At the other end of the size spectrum are the oral aerosols and droplets. They generally come from the mouth, tongue, and lips, and measure anywhere between 8 and 130 micrometers across. They can occur when we speak or laugh, as this causes saliva threads to form then break apart within the mouth. When a person opens their mouth, these droplets escape and can come into contact with people in the immediate vicinity.
“In the oral groups, we’ve also included droplets that form in the nose or throat when sneezing, and which are often large enough to be visible,” says Pöhlker—whose airway droplets have likewise been measured in experiments.
And there’s another, in-between category: aerosol researchers have also defined the larynx-trachea group, which covers droplets that originate from the vocal folds that lie between the larynx and trachea. These particles are produced when laughing, speaking, singing, and coughing. “So if you want to protect yourself from small droplets from the lungs, it’s vital to use face masks with strong filtering and a tight fit. With the larger droplets from the upper airway, however, the filtering and the fit of the mask’s material are less important,” Mohsen Bagheri, group leader of Bodenschatz’s department.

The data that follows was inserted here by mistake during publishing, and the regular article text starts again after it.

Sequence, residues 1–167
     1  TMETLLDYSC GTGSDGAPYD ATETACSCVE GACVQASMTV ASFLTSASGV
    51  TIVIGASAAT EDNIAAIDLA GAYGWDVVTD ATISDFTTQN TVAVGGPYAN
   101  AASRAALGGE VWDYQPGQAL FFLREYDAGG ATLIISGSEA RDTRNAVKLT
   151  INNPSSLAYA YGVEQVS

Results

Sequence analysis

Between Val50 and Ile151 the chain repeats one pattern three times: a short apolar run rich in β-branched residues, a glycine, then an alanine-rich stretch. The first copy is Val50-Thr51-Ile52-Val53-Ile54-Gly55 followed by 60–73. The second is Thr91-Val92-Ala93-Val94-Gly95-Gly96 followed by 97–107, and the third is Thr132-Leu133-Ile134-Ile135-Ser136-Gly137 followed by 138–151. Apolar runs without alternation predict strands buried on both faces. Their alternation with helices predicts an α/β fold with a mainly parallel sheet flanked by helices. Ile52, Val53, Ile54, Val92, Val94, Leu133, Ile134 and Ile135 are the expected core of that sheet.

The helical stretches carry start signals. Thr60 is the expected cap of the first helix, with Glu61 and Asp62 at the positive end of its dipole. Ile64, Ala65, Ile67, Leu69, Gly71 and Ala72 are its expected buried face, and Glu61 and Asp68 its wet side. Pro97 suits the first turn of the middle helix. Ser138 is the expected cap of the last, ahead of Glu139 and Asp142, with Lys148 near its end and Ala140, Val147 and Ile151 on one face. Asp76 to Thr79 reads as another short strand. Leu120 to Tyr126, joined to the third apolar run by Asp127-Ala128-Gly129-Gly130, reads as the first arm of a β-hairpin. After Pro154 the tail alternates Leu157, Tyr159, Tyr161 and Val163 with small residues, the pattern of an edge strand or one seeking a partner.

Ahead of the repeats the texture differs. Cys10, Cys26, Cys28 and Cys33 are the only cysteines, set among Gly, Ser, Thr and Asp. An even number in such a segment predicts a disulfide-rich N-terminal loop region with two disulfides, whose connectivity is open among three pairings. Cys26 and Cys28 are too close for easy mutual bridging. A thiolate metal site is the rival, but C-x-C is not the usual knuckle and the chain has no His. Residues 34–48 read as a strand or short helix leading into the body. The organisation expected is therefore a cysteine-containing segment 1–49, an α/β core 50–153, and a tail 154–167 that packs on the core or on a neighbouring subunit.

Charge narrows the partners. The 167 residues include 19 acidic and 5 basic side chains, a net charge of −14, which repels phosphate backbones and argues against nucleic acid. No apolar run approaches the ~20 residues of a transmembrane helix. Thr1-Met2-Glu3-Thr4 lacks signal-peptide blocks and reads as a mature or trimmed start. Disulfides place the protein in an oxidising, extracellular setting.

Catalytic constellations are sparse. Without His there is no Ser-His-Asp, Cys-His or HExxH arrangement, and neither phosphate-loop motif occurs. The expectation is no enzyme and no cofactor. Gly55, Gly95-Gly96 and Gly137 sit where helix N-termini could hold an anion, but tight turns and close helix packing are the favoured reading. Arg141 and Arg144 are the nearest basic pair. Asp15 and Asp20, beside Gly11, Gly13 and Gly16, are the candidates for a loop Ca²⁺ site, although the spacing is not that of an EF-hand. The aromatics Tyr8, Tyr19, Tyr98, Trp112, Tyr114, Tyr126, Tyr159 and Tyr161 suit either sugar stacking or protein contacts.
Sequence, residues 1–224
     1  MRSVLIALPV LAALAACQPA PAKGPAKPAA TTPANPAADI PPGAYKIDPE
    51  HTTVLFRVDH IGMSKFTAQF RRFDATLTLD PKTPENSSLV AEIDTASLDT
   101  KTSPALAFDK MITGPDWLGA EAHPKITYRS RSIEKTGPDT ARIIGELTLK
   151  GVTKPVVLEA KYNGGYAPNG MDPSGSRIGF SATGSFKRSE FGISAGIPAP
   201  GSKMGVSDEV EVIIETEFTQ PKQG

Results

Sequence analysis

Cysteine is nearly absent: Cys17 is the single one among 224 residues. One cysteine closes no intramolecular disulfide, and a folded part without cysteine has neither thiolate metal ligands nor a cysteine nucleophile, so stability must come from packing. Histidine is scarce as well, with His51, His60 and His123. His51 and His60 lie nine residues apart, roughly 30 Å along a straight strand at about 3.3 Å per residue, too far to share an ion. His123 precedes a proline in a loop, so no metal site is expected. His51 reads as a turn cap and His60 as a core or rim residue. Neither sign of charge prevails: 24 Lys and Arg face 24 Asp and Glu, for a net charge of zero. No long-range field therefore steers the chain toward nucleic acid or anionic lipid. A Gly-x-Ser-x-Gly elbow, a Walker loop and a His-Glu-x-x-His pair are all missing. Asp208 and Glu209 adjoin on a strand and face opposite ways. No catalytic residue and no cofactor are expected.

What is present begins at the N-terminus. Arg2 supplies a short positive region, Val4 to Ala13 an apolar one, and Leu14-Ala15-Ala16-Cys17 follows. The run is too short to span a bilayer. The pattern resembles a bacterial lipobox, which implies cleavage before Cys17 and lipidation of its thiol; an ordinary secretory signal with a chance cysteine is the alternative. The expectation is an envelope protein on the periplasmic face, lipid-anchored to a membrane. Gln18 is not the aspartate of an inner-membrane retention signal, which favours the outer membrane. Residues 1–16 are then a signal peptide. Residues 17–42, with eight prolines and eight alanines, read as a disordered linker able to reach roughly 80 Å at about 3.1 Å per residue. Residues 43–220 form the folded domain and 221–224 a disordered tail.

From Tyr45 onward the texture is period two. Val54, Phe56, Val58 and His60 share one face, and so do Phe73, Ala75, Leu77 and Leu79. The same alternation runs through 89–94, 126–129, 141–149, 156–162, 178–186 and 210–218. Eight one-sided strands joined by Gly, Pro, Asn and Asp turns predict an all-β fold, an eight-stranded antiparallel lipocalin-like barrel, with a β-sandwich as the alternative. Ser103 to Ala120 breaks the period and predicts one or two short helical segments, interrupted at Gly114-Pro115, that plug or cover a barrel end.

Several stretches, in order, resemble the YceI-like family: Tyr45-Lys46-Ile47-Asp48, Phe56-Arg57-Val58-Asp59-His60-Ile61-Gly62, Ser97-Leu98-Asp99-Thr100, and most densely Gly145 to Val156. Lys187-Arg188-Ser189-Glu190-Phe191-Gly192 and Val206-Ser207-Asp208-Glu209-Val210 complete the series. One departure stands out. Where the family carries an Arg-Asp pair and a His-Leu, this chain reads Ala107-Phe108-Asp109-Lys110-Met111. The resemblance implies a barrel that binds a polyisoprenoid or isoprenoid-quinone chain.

“Our hypothesis had been that the size of a particle relates to its place of origin, as that’s something we’re familiar with from aerosols in the atmosphere,” says Christopher Pöhlker. “The analyses confirmed this, so we can use this to explain all the size distributions measured up to this point.”
The size of a particle is determined by where it originates